8 DAYS: Because of the pandemic, Pixar started releasing its movies, including Turning Red, directly on Disney+. Some believe that strategy may have conditioned people to expect to see Pixar’s newest releases at home and that’s why Lightyear underperformed at the cinemas. How disappointed were you when you were told that Turning Red is bound for Disney+?

DOMEE SHI: Well, I can't speak for Lightyear, but when we were making Turning Red, we had every intention for it to be seen on the big screen. So, it was definitely a disappointment when we got the call from Disney that it was gonna be switched to Disney+. But then I reflected on it. This was early 2022 when Covid was still a thing and not everybody was returning to theatres, especially families. I think a lot of them were nervous about going back to theatres because their kids were not vaccinated at the time. I just thought the most important thing for me right now is to have this movie be seen by as many people as possible. So, our goals kind of shifted to that.

And the solution was Disney+, so families could safely watch and enjoy the movie from home without the anxiety of going out to a theatre. Also, my love for animation started as a kid. My parents bought Aladdin on VHS for me. That was the first time I watched an animated film, at home in my living room. I popped the VHS in and I just watched it on repeat. The opportunity for families and kids to be able to enjoy our movie immediately and have them able to rewind, pause and replay their favourite moments was really appealing to me. Also, since we've released Turning Red and I’ve gone to several events and screenings and met fans; I’ve had adults, like parents, coming up to me and thanking me for releasing the movie on Disney+. They said, “I don’t know how we would've been able to see this movie if this wasn't on Disney+”. So, yeah, I think my opinion of the [Disney+ strategy] has changed over time.

Are you ready to make a live-action crossover, following the footsteps of Pixar alums Andrew Stanton and Brad Bird?

Not yet. I feel like I’m still not done with animation yet. I feel like, especially, in the West, there's still so much potential to be explored in the stylisation of animation and in the themes that animation can tackle. I just love the power of animation, too. And the control that I have as a director in animation is amazing. To be able to control a character's eye blink or a slight furrow of the eyebrows with the correct amount of frames and the speed — I love getting into the nitty-gritty details of that stuff that I feel like if I were doing that in live-action, people would think I was insane (laughs).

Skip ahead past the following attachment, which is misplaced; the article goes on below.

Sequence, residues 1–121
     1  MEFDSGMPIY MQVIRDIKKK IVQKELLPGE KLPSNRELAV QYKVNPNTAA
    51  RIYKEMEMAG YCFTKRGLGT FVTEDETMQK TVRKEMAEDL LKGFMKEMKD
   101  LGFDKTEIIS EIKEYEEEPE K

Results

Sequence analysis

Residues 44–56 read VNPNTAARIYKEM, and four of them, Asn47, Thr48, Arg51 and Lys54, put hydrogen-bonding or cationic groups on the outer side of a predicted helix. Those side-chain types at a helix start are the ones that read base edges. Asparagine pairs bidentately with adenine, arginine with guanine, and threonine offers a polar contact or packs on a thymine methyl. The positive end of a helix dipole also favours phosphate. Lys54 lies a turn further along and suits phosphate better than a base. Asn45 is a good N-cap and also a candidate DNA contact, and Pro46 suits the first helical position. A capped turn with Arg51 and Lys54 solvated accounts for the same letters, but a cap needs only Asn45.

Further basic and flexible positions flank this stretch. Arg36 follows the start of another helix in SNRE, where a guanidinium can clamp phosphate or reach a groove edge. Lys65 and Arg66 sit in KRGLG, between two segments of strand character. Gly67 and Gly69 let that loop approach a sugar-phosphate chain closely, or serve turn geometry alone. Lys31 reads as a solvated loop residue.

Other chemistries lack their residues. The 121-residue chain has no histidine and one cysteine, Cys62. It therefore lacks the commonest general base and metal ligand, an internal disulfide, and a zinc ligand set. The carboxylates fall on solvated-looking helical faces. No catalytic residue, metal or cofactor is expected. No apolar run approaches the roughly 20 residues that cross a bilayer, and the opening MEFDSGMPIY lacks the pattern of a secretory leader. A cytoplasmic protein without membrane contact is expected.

What’s the secret to photographing animated food? Those scenes of Meiling’s father cooking are amazing!

All of that is done by our effects department. They're just all very talented computer wizards. They studied what makes food look delicious and you have to look at it like you're a food photographer. You have to like exaggerate food details, like making things look extra shiny, which means it looks extra delicious. You have to up the saturation. Like it can’t look dull. It has to be colourful. Then, the sounds really help with the sizzle and everything that helps all make it look really mouth-watering.


I spoke to Rosalie Chiang, the voice behind Meiling, back in March and she said she has a few ideas for a Turning Red sequel, one of them being about Meiling’s life in college.

That’s really funny. I hope there’s a Turning Red 2. We’ll see.

Turning Red and Bao are now streaming on Disney+.

Photos: Disney+